Servo size

Is it OK to use small size servos (micro and pico sizes)? The rules require 4 AA batteries and 2 servos, but do not appear to regulate the size of the servos. It appears that micro servos may suffice for the sail servo if a balanced rig is used, and a pico servo (as used on the smallest model airplanes) will suffice for the rudder servo. This would save about 1.5 oz (43 gm) altogether. An addition weight saving can be achieved with the new ghz radio receiver, if allowed.

I have not seen any mention of this issue, but it appears that most people are using standard size servos, which minimizes cost.

Any comments?

I would very much be in favour of everybody using standard size servos as well as 4 AA batteries. Otherwise there is a strong incentive to use smaller and more expensive servos, receivers and AAA or even smaller (hearing aid?) batteries, etc…
Instead of ingenuity, imagination, seamanship and persistence, we will end up using MONEY. Anyone interested in a $300 servo? It will weigh half a gram and pull 4 Kg Metres. (You don’t think it can happen?)
08 CAN Razor

i see your point rod, but i must admit, i def. use mini/micro servos. my stiletto for instance… i use a micro for the rudder, and a mini high-torque for the sail… the boat can’t fit anything bigger… as for my bearfoot’s i use standard sail - because i am just that cheap - but i use micro for the rudders, because i really like being able to save the weight… i think that while what you say is valid - we really DON’T want the footy class to become a shootout of who can by the most expencivo, best gear - but if one is looking to build a really cutting edge boat, i am not sure i see any choice but to go mirco/mini… weight is everything…:scared: [i should note that this is what i have found… i am sure that there are others who will have ready and good proof that i am off my rocker!:rolleyes:]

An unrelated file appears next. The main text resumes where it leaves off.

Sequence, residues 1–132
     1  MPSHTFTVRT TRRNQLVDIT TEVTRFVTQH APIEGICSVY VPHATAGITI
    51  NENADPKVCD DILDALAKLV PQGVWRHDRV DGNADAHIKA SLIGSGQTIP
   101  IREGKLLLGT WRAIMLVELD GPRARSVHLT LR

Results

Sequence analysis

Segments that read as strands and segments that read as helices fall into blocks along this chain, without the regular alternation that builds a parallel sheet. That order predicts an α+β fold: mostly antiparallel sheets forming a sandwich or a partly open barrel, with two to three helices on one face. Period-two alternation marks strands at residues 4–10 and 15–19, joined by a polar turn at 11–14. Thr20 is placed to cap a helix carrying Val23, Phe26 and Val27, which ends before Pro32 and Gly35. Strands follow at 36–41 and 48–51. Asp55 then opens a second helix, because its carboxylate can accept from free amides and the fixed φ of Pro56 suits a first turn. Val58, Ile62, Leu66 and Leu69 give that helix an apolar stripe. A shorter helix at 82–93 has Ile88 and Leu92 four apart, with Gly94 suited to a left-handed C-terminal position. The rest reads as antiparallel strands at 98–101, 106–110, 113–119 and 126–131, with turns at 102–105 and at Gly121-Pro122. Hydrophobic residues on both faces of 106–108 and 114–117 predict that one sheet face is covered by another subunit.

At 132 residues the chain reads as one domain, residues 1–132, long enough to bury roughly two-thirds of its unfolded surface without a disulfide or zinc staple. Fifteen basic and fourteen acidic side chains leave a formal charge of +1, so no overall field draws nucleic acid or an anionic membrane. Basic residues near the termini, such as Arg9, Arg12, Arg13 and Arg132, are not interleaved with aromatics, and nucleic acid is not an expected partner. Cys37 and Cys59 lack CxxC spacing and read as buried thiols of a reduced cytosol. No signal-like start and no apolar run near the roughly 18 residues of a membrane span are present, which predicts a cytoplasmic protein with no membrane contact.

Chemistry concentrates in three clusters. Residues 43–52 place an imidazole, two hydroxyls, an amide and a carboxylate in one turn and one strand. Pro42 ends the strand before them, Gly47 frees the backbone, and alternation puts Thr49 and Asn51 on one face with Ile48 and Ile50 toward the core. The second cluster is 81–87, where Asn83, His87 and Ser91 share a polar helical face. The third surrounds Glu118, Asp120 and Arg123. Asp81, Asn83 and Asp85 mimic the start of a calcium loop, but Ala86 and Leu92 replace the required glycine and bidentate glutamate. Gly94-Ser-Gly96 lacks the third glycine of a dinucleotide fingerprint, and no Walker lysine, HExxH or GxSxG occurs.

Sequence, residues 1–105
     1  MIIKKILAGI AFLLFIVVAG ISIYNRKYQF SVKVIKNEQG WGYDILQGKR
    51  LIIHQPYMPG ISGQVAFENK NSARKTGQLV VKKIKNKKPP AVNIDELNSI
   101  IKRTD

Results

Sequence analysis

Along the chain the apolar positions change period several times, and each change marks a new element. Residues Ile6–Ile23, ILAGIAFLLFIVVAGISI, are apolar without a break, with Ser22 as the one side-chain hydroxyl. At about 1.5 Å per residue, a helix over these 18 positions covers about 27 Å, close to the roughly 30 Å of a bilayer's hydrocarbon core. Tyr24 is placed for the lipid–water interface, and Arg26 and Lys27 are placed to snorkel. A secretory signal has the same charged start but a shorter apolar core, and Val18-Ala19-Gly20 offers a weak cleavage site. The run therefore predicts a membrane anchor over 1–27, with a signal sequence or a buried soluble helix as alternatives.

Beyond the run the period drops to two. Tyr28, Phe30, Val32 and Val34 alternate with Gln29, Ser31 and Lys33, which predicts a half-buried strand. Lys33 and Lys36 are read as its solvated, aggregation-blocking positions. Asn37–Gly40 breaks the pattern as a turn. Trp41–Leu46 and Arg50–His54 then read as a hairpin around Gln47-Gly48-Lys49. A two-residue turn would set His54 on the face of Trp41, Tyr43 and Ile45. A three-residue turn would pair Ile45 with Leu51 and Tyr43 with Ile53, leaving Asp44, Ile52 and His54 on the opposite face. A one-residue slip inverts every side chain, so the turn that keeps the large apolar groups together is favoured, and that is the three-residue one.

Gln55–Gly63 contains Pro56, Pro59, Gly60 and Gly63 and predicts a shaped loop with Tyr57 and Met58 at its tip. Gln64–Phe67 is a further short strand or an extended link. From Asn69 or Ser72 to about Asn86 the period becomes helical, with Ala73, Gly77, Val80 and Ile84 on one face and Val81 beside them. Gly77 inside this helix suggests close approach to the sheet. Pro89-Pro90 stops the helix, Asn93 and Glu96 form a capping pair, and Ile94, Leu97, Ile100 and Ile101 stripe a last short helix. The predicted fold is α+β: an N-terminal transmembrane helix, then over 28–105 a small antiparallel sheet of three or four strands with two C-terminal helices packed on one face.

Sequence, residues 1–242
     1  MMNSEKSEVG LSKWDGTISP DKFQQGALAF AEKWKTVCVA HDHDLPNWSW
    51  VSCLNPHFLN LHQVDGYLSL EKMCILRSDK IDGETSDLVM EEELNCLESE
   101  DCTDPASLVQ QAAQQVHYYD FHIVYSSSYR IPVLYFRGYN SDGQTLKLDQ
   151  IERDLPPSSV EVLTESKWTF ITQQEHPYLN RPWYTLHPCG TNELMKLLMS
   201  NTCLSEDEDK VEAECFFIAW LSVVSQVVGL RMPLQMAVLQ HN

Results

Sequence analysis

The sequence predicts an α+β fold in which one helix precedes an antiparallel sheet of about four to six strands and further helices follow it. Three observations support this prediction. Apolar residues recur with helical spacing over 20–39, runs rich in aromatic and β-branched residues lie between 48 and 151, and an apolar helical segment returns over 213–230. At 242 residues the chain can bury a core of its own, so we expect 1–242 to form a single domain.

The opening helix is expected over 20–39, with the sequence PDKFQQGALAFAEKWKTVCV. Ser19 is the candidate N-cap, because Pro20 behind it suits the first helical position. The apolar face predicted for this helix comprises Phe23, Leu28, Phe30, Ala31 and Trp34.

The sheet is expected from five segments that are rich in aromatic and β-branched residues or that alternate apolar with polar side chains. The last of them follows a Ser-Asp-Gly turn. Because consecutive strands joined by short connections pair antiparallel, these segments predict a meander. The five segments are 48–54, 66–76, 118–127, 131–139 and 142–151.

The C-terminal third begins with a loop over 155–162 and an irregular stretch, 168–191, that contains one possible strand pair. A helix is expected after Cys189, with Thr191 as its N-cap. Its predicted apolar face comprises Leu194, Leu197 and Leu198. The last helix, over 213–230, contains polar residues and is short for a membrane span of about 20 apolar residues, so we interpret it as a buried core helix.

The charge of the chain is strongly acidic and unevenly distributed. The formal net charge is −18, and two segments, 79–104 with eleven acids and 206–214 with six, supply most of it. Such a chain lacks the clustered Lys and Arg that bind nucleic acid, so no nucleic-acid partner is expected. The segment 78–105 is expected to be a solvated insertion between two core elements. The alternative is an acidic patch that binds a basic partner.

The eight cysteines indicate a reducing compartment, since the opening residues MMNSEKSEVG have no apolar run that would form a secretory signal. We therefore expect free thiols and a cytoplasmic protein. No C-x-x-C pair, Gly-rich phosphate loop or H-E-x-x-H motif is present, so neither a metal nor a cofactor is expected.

alright, i am done… back into my hole!:smiley: [that is where i have my secret footy labratory!]

over and out


bluebirds are small, light, fast, AND cheap. no need to spend lots for good servos. (no i don’t work for bluebird, but man i’m impressed)

where can i find them? do they have a website?:slight_smile: [drools] i think i may have found the servos for my new proto!:stuck_out_tongue:

i’m partial to the BMS-371 8g Micro Servo for rudder, and BMS-380MG 15g Micro Servo (Metal Gear) for sail.

Once we start being over-restrictive on electronics, we potentially end up in the ludicrous situation that the traction control that comes as standard in a Volvo (as a safety device) is illegal in Formula 1 Motor Racing. Electronics will get cheaper: restrict them now and your are just running next weeks
's dinosaur off the production line.

I would normally agree with everything that has been said about the need for micro servos, except that the rules already limit footy sailors to 4 AA size batteries,instead of the newest micro-mini cells which may need to be recharged every 10 minutes (I don’t think they’ve been invented yet, but wait a few months!). If one part (the heaviest!) is restricted, why not the other parts of the electronics?
Incidentally, I am attempting to make a non-conforming, moveable-weight sailing dinghy Footy, using 4 AAA batteries, in a Razor hull, but she presently lies on her side and is not yet self-righting.
08 Can Razor

You have such a way with words Angus!!! :stuck_out_tongue: :wink:

Not being a ‘footyer’ myself but being interested in them I have no authority on this, but here’s my view on this subject anyway! Ignore at will!

I think it comes down to the basic principles of the footy ethic and idea in the first place. If the aim was to create a class of elite and super high performance models, then naturally the smallest and lightest gear available and with a costs to match is going to help. Anyone wanting to get into footys will have to realise that they are entering an elite class and that if they want to have any chance of success they’ll have to remortage their house to pay for it (so to speak!) as is seen in many of the larger classes.